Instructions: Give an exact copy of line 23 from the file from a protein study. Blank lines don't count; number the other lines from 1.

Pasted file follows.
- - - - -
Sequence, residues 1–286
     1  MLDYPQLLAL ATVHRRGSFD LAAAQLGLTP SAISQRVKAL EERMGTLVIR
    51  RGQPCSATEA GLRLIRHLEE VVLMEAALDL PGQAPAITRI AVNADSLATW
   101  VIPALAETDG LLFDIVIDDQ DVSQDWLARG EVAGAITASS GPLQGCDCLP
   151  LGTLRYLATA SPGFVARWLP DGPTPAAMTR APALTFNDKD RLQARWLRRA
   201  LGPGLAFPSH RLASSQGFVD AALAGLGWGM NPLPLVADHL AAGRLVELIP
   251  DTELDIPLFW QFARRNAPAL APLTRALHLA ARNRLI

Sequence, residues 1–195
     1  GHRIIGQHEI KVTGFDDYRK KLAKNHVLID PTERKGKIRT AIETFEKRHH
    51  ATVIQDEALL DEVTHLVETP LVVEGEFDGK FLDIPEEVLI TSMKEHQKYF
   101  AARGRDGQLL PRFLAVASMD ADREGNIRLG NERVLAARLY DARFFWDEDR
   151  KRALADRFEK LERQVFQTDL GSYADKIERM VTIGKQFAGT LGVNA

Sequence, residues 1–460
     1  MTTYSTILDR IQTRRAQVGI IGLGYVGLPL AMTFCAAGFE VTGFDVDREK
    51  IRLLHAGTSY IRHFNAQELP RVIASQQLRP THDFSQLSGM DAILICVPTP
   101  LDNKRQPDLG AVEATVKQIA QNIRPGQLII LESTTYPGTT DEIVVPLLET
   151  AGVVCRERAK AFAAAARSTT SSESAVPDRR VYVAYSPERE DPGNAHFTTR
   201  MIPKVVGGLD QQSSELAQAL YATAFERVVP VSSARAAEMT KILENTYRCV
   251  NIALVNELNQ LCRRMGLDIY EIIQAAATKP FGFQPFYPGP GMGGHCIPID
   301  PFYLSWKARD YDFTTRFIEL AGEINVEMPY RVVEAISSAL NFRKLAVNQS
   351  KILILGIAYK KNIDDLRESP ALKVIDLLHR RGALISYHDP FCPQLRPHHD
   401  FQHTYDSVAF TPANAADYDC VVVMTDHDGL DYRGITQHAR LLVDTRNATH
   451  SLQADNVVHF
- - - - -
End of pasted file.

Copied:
   451  SLQADNVVHF